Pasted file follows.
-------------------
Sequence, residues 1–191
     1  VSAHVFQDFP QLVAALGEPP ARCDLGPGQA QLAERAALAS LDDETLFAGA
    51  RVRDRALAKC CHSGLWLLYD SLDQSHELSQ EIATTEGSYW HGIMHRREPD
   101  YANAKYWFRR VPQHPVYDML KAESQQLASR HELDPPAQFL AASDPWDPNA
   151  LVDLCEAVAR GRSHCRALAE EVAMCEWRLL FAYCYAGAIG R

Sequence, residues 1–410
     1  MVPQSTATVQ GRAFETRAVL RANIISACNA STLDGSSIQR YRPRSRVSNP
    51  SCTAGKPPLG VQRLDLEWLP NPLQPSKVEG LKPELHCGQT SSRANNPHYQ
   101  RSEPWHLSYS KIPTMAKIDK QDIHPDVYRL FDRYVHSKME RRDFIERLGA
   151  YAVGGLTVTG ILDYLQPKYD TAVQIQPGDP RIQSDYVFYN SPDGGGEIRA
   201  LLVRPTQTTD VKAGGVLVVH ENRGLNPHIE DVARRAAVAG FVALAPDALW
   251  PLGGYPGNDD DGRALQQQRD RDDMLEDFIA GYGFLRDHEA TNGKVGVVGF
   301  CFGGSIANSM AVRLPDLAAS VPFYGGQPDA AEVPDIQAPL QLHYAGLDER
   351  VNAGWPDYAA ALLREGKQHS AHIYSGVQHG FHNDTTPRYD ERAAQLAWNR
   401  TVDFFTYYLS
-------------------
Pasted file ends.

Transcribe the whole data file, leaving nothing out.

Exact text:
Sequence, residues 1–191
     1  VSAHVFQDFP QLVAALGEPP ARCDLGPGQA QLAERAALAS LDDETLFAGA
    51  RVRDRALAKC CHSGLWLLYD SLDQSHELSQ EIATTEGSYW HGIMHRREPD
   101  YANAKYWFRR VPQHPVYDML KAESQQLASR HELDPPAQFL AASDPWDPNA
   151  LVDLCEAVAR GRSHCRALAE EVAMCEWRLL FAYCYAGAIG R

Sequence, residues 1–410
     1  MVPQSTATVQ GRAFETRAVL RANIISACNA STLDGSSIQR YRPRSRVSNP
    51  SCTAGKPPLG VQRLDLEWLP NPLQPSKVEG LKPELHCGQT SSRANNPHYQ
   101  RSEPWHLSYS KIPTMAKIDK QDIHPDVYRL FDRYVHSKME RRDFIERLGA
   151  YAVGGLTVTG ILDYLQPKYD TAVQIQPGDP RIQSDYVFYN SPDGGGEIRA
   201  LLVRPTQTTD VKAGGVLVVH ENRGLNPHIE DVARRAAVAG FVALAPDALW
   251  PLGGYPGNDD DGRALQQQRD RDDMLEDFIA GYGFLRDHEA TNGKVGVVGF
   301  CFGGSIANSM AVRLPDLAAS VPFYGGQPDA AEVPDIQAPL QLHYAGLDER
   351  VNAGWPDYAA ALLREGKQHS AHIYSGVQHG FHNDTTPRYD ERAAQLAWNR
   401  TVDFFTYYLS